Uk News The strangest experiments in science and the ingenious researchers who come up with them United Kingdom news

PremierLeague-News.Com - Scientific studies that can seem baffling to the public often have important motivations and require lots of creativity

Uk News The strangest experiments in science and the ingenious researchers who come up with them United Kingdom news

PremierLeague-News.Com - Scientific studies that can seem baffling to the public often have important motivations and require lots of creativity

Uk News  The strangest experiments in science and the ingenious researchers who come up with them United Kingdom news
14 May 2021 - 10:30

PremierLeague-News.Com - Breaking Sport Transfer News ! From the ancient medical practice of drilling holes in patients’ skulls, to testing out Class A drugs on spiders in the 90s, scientists have always been willing to try some strange things in the name of research.Even today, experiments still manage to surprise us – not for their findings, necessarily, but because of their curious subjects or methods. To think of ideas that are new, ethical, feasible – and will offer useful results – requires creative thinking from researchers.Sometimes they involve bravery. Look at the 15 French volunteers who emerged from a cave last month after spending 40 days inside with no clocks, electricity supply or ways of contacting the outside world – studying human responses to losing sense of time and space.i's guide to helping the planet in your everyday life Email address is invalidThank you for subscribing!Sorry, there was a problem with your subscription.Often they involve animals. Seeking to learn about the conceptual understanding of pigs, researchers from Purdue University in the US revealed earlier this year that four of the creatures had been trained to play video games using a joystick and appeared to enjoy it.It may sound wacky but this was a significant experiment into animal intelligence and “should give us pause as to what else they are capable of learning,” said the study’s lead author, Dr Candace Croney.Occasionally, they involve the public. Last week, researchers published the results of a “citizen science” experiment into why cats like sitting in boxes, even fake ones. Called “If I fits, I sits”, it found that cats were more likely to sit inside 2D shapes that give the illusion of a square – thanks to the help of 30 cat owners who followed instructions and filmed their pets.Designing and conducting experiments with animals can involve the biggest ethical questions. In 2019, we learned that mosquitos don’t like dubstep music, after a team of researchers played the Skrillex song “Scary Monsters and Nice Sprites” on repeat to a cage full of hungry mosquitos. Despite not having eaten for 12 hours, the loud noises seemed to put the pests off from feasting on the unlucky hamster that also shared a cage with them.Members of the team taking part in the “Deep Time” study gather in the Lombrives Cave in Ussat les Bains, France (Photo: AP/Bruno Mazodier)Science can also demand personal sacrifice. Conducting a study into pain measurement, social insect biologist Professor Michael Smith offered himself up as bait for a swarm of angry honey bees, allowing himself to be stung in 25 different places over his body. The most painful parts? “Nostril, upper lip, and penis shaft,” Professor Smith concluded.Thankfully, few scientists die as a result of their endeavours these days, though history is full of examples. The chemist Carl Scheele, who discovered oxygen and many other elements, would often smell and taste the substances he worked on – leading to his death in 1786 after gradually poisoning himself. It was Marie Curie’s study of radiation that resulted in her fatal leukaemia in 1934.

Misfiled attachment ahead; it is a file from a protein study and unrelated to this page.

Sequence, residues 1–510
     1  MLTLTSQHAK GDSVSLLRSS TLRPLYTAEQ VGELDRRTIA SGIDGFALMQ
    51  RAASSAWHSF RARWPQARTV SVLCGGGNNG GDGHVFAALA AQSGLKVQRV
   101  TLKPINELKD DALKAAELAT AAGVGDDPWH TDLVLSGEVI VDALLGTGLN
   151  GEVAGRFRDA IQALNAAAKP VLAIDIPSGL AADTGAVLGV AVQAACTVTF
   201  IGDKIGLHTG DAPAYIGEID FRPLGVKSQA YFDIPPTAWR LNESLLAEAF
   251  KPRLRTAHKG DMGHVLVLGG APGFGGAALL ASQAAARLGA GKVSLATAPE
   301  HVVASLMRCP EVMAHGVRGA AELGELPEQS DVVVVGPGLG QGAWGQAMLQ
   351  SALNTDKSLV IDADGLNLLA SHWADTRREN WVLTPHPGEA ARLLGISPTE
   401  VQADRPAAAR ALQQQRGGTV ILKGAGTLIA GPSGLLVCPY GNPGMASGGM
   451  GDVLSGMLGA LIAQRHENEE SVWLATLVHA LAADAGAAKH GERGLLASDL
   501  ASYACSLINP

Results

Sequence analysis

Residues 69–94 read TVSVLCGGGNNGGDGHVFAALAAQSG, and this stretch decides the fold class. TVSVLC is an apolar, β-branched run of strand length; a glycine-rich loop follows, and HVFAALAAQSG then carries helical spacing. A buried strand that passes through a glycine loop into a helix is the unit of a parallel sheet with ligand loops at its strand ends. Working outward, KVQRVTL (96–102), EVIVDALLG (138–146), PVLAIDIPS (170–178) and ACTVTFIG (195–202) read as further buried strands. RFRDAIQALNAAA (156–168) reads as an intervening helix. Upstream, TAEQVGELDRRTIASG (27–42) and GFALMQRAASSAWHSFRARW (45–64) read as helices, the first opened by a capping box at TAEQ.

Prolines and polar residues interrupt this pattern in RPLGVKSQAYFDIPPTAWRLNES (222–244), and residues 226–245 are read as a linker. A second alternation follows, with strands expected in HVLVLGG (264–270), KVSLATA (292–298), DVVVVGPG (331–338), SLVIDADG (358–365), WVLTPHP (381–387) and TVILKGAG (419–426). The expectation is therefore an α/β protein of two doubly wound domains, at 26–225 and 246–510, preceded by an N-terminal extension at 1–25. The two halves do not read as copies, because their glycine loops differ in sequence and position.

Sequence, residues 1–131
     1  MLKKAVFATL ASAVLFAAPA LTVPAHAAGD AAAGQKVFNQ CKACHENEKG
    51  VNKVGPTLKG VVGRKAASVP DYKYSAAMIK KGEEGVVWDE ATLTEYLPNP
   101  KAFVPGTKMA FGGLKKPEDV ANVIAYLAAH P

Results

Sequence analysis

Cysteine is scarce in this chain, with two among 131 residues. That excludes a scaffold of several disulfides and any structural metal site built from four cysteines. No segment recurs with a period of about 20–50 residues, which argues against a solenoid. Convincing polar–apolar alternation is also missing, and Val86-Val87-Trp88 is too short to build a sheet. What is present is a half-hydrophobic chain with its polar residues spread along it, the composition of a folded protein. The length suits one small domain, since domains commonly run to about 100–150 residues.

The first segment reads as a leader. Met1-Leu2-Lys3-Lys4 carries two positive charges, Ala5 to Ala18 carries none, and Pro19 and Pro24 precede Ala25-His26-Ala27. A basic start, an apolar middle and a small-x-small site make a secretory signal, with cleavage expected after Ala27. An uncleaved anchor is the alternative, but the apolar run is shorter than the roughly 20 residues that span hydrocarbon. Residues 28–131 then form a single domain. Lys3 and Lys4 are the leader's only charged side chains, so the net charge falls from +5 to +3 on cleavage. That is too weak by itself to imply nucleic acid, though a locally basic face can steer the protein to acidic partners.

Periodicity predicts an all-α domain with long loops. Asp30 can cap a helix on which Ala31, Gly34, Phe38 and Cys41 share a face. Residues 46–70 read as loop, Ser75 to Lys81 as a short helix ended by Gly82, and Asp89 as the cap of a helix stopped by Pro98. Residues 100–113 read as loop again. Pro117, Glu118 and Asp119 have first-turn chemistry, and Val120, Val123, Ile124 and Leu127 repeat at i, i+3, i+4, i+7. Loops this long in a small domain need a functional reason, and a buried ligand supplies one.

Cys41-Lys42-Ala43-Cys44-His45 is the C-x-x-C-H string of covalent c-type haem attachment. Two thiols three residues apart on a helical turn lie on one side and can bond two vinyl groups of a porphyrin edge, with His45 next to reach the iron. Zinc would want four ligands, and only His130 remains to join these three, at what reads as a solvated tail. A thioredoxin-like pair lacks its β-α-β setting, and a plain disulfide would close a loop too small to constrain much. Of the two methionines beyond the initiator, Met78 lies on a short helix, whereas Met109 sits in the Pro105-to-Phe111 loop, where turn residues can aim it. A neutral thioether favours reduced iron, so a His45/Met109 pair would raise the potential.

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. Inspired by a popular story among archaeologists about an Inuit man left to fend for himself in the Arctic, Dr Eren wanted to test out the theory that human waste, when frozen, could be shaped into a tool sharp enough to cut through flesh.“It was something I’d always wondered about,” he tells i. “One day I texted my research partner and just said: ‘Hey, I’ve got a great idea for our next paper… do you remember that Inuit story?’ She replied: ‘Oh my god…’.”And so, in 2019, Dr Eren began his knife-moulding experiment. He adopted an Arctic diet – high protein, minimal veg – for eight days so that he could produce the most authentic materials required for the experiment. “It was very depressing. There’s a lot of shame involved when you’re just pooping into a bag to cut your own samples,” he admits. His colleague and study co-author, Dr Michelle Bebber, did the same but while maintaining a Western diet to compare the outcomes. “Replication in science is important,” he explains.The world’s least hygienic knife (Photo: Metin Eren)After storing the samples in dry ice at -50C, the pair set about crafting the knives. For a while, Dr Eren felt hopeful. “I thought, I’m going to cut some flesh with my own crap – that’s amazing!” The outcome was a classic myth-buster, however. “When we started to cut the meat, it wouldn’t slice,” says Eren. “We concluded that the story probably didn’t happen.”Chris Hunt, a biological and environmental sciences professor at Liverpool Hope University, is well versed in the strange behaviours undertaken in the name of science. His own research once led him to buy a plane ticket home from Iraq for the Neanderthal woman he had uncovered during an archaeological dig, and he has spent “a lot of time gathering bat poo” to understand pollen deposition.“Most scientists simply follow the logic of their interest,” he says, “and sometimes this tips over into things that an outsider would find very peculiar.”Dr Eren says that experiments like his knife moulding might seem silly at first but have deeper meanings. “There are so many unsupported stories in archaeology, but unsupported stories can be used to support negative narratives, racist narratives,” he says. “Evidence and fact checking is vital.”